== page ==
Admissions had
been suspended
while a plan was
formulated
ByAMANDA MARKOWITZ
Daily StaffReporter
The University will stop
considering race and gender
in admissions immediately,
according to an e-mail sent
to the University community
early this morning.
"We will proceed cau-
tiously by adjusting our
admissions and financial aid
policies such that race and
gender will have no effect
on the decision-making pro-
cess," University President
Mary Sue Coleman and Uni-
versity Provost Teresa Sul-
livan wrote in the e-mail.
"We take these actions with
regret, because we believe it
would be fair to applicantsfor
us to wait until after the con-
clusion-of the current cycle
before making any changes."
By Any Means Necessary,
the confrontational pro-
affirmative action group,
has filed a lawsuit asking the
United States Supreme Court
to allow the University of
Michigan, Wayne State Uni-
versity and Michigan State
University to complete their
admissions cycles before
implementing Proposal 2,
the group's national chair
said at a press conference
on the steps of the Michigan
Union yesterday.
Last month, a federal
district court granted the
three universities a tempo-
rary injunction, delayingthe
implementation of Proposal
2 until July, allowing the
three universities to com-
plete their current admis-
sions cycles under their

current affirmative action
programs.
But the 6th Circuit Court
of Appeals reversed that deci-
sion10 days later,requiringthe
universities to comply with
the law immediately. The Uni-
versity of Michigan stopped
considering applications until
today to give it time to formu-
late a plan.
The BAMN filing asks the
Supreme Court to prevent the
6th Circuit's decision from
taking effect, sparing the
universities from having to
change their admissions poli-
cies in the middle of the cycle.
Alan Foutz, an attorney
for The Pacific Legal Foun-
dation, a law firm based in
California that opposes affir-
mative action, said he doubts
that the high court will rule
on the case.
"I cannot conceive of the
Supreme Court taking any
action," he said.
Foutz said that the 6th
Circuit Court of Appeals
was only able to stay the
injunction that the District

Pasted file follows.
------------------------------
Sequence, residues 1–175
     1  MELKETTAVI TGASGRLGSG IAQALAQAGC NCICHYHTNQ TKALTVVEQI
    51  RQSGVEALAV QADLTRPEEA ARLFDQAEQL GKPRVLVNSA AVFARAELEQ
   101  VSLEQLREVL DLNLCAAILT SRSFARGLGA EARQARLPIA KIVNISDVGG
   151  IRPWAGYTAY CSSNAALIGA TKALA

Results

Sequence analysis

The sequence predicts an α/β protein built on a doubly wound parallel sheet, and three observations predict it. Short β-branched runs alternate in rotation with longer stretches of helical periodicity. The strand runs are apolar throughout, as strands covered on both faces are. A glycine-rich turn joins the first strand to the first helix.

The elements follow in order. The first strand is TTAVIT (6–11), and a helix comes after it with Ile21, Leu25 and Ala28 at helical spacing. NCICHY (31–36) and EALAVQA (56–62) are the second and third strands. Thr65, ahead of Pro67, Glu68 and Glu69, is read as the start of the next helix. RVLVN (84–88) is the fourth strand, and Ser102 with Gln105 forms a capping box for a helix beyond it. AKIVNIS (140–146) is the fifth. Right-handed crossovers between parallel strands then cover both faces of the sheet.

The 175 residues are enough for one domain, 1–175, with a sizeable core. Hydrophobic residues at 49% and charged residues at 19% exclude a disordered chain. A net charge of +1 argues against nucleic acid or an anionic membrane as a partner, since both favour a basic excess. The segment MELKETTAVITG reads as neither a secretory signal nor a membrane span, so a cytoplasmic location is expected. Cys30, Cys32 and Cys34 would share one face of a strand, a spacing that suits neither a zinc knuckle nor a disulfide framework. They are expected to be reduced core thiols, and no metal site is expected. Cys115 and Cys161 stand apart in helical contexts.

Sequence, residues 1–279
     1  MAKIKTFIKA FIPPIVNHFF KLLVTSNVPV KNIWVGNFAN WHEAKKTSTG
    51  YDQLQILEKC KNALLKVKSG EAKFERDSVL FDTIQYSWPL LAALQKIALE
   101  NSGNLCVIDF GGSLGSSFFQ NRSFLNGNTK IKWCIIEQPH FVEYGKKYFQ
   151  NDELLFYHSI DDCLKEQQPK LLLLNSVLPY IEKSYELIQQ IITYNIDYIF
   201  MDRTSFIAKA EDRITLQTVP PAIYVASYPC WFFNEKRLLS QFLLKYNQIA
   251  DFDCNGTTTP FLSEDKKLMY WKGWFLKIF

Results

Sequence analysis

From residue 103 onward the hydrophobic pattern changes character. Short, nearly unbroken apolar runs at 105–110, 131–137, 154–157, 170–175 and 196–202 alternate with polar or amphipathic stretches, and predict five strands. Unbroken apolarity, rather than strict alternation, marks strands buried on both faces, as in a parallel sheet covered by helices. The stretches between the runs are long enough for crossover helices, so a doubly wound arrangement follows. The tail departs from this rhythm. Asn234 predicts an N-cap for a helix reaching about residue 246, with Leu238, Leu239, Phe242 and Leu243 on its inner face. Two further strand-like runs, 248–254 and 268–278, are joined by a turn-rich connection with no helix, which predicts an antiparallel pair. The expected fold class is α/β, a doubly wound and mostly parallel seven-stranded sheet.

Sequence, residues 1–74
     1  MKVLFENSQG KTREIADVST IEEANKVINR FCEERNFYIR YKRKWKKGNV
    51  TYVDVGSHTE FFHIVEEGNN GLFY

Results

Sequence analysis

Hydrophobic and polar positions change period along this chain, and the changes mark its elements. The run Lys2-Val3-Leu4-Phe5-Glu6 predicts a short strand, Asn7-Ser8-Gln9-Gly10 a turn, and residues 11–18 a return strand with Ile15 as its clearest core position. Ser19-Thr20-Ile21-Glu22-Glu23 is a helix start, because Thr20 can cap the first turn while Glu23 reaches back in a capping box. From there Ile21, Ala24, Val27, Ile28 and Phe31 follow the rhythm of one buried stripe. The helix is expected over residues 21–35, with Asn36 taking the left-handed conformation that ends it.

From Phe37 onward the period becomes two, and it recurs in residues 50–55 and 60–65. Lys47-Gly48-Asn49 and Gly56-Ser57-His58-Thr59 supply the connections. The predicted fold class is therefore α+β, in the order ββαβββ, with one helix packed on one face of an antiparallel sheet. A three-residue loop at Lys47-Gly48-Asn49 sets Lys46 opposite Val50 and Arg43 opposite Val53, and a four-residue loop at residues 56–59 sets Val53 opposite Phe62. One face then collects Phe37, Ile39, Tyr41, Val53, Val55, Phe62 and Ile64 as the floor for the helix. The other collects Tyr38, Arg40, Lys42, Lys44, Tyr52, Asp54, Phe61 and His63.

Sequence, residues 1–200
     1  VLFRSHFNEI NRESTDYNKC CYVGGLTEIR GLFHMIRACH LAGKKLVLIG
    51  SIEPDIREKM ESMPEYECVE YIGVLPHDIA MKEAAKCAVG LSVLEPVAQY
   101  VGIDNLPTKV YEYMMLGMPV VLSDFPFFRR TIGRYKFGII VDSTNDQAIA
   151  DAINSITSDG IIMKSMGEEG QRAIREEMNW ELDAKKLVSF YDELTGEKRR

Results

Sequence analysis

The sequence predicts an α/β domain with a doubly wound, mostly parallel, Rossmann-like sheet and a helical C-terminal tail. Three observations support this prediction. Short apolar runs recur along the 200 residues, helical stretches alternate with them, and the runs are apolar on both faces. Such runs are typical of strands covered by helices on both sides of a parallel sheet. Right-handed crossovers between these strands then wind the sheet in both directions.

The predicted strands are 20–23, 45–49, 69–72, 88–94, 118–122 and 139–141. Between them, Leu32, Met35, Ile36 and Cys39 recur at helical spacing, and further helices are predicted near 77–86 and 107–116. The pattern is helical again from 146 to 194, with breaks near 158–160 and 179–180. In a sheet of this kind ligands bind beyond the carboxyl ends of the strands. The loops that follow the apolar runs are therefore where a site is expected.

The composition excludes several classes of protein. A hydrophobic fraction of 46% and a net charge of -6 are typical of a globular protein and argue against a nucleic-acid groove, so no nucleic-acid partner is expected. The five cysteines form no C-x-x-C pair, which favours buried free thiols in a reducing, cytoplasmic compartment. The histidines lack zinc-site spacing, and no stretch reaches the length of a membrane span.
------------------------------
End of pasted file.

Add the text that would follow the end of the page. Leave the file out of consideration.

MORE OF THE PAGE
Court had allowed because
it did not involve judgment
on whether or not Proposal
2 would be implemented.
Proposition 209, a sim-
milar anti-affirmative action
law, was passed in Califor-
nia 10 years ago and was the
model for Proposal 2.
An injunction, later over-
turned by the 9th Circuit
Court of Appeals, delayed
the implementation of Prop-
osition 209 for nearly a year
and gave California's state
universities considerable
time to adjust their affirma-
tive action programs.
Still the University of Cal-
ifornia system saw minority
enrollment plummet at its
flagship universities in the
years immediately following
the passage of Proposition
209.

Paul Gediman said he doesn't
believe any copies of the paper
were actually removed, and
said that staff merely dis-
cussed the possibility.
Gediman said the admin-
istrators mishandled the
matter. He said the Busi-
ness School must monitor
the contents of papers dis-
tributed in their buildings
for "inappropriate or offen-
sive" material, because the
Business School attracts
both students and business
professionals.

One ofthe anonymous Busi-
ness School administrators
agreed in an e-mail published
by the Every Three Weekly.
"I'm thinking the paper
may claim free speech, but
Larry Flynt and Hustler are
protected by free speech
and we wouldn't have to let
them give away copies in our
lobby," the administrators
wrote.
The November issue of the
publication, with its poten-
tially offensive front page, sat
See HUMOR RAG, page 3A

At housing fair,
pleasant surprises

A PICTURE OF
BRILLIANCE

Students happy,
but some
landlords are
struggling
By KATIE MITCHELL
Daily StaffReporter
Despite waiting until
January to look for a